Origin.-These schools were founded within a period ranging from the close of the 14th century to the beginning of the 17th century-from the reign of Richard II. to that of James 1. Winchester, the earliest, founded by William of Wykeham, is older by several generations than the Reformation, and the revival of classical literature in England. Eton, half a century later, was modeled after Winchester ; each was an integral part of a great collegiate establishment, in which the promotion of learning was the principal aim, but not the founder's sole purpose. Westminster is one of the many grammar schools attached to cathedral and collegiate churches for which provision was made after the dissolution of the monasteries; but it acquired, or perhaps inherited from the ancient school of the monastery of St. Peter, an importance peculiarly its own. Harrow, Rugby, Shrewsbury, Merchant Taylors' and St. Paul's were among the multitude of schools founded in the 16th century, either by grants of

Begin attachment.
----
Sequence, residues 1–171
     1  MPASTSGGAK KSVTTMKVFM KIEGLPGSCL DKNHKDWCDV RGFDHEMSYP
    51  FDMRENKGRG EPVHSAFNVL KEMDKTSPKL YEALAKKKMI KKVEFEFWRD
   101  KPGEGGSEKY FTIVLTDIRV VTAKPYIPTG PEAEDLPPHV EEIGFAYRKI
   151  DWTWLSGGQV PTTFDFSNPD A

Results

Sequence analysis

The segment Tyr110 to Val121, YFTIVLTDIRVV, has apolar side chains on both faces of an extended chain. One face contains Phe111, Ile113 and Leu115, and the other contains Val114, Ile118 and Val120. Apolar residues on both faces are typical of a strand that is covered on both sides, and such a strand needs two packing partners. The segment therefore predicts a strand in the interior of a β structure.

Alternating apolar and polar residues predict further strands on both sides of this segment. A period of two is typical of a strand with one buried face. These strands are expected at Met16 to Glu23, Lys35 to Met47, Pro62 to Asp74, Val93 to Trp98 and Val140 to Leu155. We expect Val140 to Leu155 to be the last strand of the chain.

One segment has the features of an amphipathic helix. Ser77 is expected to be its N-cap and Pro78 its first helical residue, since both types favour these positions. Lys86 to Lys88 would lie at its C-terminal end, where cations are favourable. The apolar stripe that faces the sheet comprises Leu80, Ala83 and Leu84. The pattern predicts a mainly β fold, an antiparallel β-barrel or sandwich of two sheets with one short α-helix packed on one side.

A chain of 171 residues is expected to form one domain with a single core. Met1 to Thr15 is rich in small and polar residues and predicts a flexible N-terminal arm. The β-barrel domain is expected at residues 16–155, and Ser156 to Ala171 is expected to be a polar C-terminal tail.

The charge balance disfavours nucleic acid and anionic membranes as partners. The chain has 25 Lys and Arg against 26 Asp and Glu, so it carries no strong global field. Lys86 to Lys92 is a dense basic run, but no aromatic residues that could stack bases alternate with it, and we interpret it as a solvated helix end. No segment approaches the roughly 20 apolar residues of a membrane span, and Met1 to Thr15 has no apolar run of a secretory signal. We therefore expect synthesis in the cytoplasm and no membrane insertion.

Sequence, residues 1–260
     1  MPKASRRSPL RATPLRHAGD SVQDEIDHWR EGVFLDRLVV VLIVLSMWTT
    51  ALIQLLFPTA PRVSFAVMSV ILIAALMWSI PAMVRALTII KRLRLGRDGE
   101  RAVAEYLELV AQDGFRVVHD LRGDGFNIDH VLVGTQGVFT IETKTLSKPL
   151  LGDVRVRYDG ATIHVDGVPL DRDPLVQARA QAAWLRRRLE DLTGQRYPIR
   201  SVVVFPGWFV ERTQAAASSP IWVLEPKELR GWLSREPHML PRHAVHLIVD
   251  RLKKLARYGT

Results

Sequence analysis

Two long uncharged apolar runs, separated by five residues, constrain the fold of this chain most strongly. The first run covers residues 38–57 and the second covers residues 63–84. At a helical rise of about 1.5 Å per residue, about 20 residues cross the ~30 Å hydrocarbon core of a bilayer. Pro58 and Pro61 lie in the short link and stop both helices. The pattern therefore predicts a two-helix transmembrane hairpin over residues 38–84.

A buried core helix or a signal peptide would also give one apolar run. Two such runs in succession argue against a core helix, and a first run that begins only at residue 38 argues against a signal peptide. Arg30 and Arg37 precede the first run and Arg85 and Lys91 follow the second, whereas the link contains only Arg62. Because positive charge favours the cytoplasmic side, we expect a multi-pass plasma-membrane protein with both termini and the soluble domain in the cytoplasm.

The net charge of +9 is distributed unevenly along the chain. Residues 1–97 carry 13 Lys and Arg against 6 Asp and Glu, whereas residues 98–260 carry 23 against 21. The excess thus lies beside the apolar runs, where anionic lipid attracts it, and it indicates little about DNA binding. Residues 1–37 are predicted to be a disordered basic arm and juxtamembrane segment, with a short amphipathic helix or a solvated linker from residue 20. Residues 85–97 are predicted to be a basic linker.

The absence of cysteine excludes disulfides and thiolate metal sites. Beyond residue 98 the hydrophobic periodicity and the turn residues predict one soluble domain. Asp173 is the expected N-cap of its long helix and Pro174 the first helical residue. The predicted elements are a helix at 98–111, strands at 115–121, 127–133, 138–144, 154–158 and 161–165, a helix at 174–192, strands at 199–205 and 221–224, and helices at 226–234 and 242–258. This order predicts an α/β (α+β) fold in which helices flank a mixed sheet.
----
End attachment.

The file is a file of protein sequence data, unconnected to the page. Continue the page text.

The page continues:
church lands from the Crown, or by private persons, with endowments sufficient to afford the best education known in that day, to so many day scholars as the neighborhood was likely to supply or the reputation of a competent teacher to attract.

Endowment.--The endowments of these schools vary very much and bear no proportion to their magnitude. Charter-house, Eton, and Winchester have annual revenues amounting to £22,750, £20,500, and £15,500 respectively. St. Paul's, Rugby, Shrewsbury, and Harrow have £9,500, £5,600, £3,000, and £1,000. Westminster is sustained from the revenues of the chapter to which it is attached, and the Merchant Taylors' School by the Merchant Taylors' Society. But it is the opinion of the Commissioners that to a large and popular school, so long as it is large and popular, a permanent endowment is not of essential importance; there can be no doubt, however, that such an endowment is of great service in enabling any school to provide and maintain suitable buildings, to attract to itself, by exhibitions and other substantial rewards, its due share of clever and hard-working boys, to keep up by these means ils standard of industry. and attainment, and run an equal race with others which possess this advantage, and to bear, without a ruinous diminution of its teaching staff, those fluctuations of prosperity to which all schools are liable.